Tax Law Update
On November 2, 2017, the House of Representatives (the "House") introduced the Tax Cuts and Jobs Act ("H.R.1"). This bill, if passed, would make fundamental changes in the taxation of businesses operated in pass-through form.
Most notably, H.R.1:
The drafters of the bill recognized that owners of businesses in pass-through form would be disadvantaged as compared to businesses in C corporation form if the C corporation rate were reduced significantly (which they do propose to reduce to 20%) without a comparable rate drop for pass-throughs. Therefore, the bill offers a special tax rate of 25% to business income received by taxpayers from a pass-through entity.
Under current law, businesses organized as partnerships, most LLCs, S corporations and sole proprietorships are generally treated for federal income tax purposes as "pass-through" entities that are subject to tax at the individual owner or shareholder level rather than the entity level. The owners then report the income on their own returns and pay tax (generally) at ordinary income rates, the top current rate being 39.6%.
Owners Active in the Pass-Through Business Apply the 25% Rate to Only Part of Their Income
Each owner would separately determine its proportion of business income received from the pass-through entity. If the income is derived from a passive business activity it would be treated entirely as business income and all subject to the 25% rate. If the income is considered to be active income, and thus raises a question as to the appropriate amount to be treated as compensation and subjected to regular rates, then only a portion of the income would be eligible for the 25% rate. As a default rule, 30% of the income would be subject to the 25% rate, while the other 70% would be treated as wages or compensation and taxed at regular, graduated ordinary income rates.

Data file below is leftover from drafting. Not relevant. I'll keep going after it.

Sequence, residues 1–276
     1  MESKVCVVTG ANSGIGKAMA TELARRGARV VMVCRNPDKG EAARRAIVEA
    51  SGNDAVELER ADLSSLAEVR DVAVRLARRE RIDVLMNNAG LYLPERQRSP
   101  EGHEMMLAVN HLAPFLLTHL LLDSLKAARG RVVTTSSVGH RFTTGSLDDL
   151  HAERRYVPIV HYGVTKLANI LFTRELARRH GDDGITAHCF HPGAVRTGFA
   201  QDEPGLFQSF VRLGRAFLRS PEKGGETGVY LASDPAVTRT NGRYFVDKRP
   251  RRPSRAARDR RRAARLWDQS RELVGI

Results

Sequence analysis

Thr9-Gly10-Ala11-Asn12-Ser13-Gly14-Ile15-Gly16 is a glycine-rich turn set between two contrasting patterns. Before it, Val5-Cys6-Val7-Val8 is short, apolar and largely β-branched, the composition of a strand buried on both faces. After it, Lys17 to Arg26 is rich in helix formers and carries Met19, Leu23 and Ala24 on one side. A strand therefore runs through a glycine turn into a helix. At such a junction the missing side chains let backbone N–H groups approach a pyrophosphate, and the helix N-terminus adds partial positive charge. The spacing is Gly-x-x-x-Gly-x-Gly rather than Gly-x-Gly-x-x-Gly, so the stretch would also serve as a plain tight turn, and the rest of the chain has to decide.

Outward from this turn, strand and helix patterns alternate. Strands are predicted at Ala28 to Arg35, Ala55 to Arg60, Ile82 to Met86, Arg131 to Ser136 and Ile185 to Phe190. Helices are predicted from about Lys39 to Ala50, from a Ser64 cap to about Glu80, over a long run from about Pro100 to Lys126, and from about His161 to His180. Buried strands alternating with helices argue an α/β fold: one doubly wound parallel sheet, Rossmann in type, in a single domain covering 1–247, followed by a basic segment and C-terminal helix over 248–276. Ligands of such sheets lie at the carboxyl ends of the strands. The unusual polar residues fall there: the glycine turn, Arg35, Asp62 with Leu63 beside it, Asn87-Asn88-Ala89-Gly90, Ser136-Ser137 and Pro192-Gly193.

A higher percentage of such active income could be subject to the 25% rate, depending on a deemed return calculation. In the deemed return calculation, the taxpayer would apply a rate of return (the federal short-term rate plus 7%) to the cost basis of the assets of the business as of the end of the tax year. That amount of the taxpayer's total income from the pass-through would be subject to the 25% rate. Depending upon the asset base and the rate applied, the percentage of total income receiving the benefit of the 25% rate could exceed the default percentage of 30%. The effect of such a provision would be that those businesses in pass-through form that are heavily invested in equipment or other assets, such as manufacturers, would generate income that is taxed to their active owner recipients at a significantly lower rate. However, assets that have been expensed under the new rules under H.R.1 would not provide any cost basis for purposes of this rule.
Professional Services Businesses Continue to Pay at Ordinary Rates